PALM BEACH GARDENS (CBSMiami) — For second time in one week, a food service worker in West Palm Beach has tested positive for hepatitis A.
This time, the employee worked at Cooper’s Hawk Winery & Restaurant on PGA Boulevard.
According to the Florida Department of Health, the employee may have exposed customers between May 1 and May 12.
Health officials recommend that anyone who ate or drank at the restaurant during this time should look out for symptoms of hepatitis A which is a highly contagious disease that attacks the liver.
A person can have hepatitis A for up two weeks without feeling sick but during that time can spread the virus to others. Symptoms usually start two to six weeks after infection and last less than two months.
- Loss of appetite
- Abdominal pain
- Dark urine
- Clay-colored bowel movements
- Joint pain
- Jaundice (yellow skin or eyes)
The Hepatitis A vaccine may provide protection against the disease if given within two weeks after exposure. Therefore, the Hepatitis A vaccination is recommended for anyone who ate or drank at this restaurant between May 9 and May 12.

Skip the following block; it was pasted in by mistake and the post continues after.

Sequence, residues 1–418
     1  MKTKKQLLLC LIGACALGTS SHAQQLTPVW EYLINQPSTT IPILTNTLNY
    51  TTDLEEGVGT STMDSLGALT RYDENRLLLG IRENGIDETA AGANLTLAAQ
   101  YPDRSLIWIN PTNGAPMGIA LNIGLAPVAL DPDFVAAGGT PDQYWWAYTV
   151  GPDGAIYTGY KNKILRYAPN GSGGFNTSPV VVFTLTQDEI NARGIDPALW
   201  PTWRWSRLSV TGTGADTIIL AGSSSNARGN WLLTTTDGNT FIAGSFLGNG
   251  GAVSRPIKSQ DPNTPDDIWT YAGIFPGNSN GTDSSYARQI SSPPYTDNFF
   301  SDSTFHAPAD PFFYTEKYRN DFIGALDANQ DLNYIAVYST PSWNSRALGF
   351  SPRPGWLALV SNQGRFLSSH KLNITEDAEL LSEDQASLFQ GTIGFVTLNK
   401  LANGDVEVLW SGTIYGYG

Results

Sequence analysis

There are 18 hepatitis A cases in Palm Beach County, 15 in Broward and 15 in Miami-Dade.
A second restaurant worker in West Palm Beach also tested positive for Hepatitis A earlier this week. The employee worked at the Butcher Shop Beer Garden and Grill, located in the 200 block of 6th Street, according to the Florida Department of Health. Officials say the worker may have exposed customers to the virus between April 10 and May 1.
Florida has had 1,220 hepatitis A cases this year, more than double than last year.
The outbreak has hit hardest in the Tampa Bay region and in parts of Central Florida.
The disease, which can cause liver damage, can be spread through such things as food or drinks that have been contaminated with fecal matter from people with the disease.
Health officials have urged people to get vaccinated against the disease.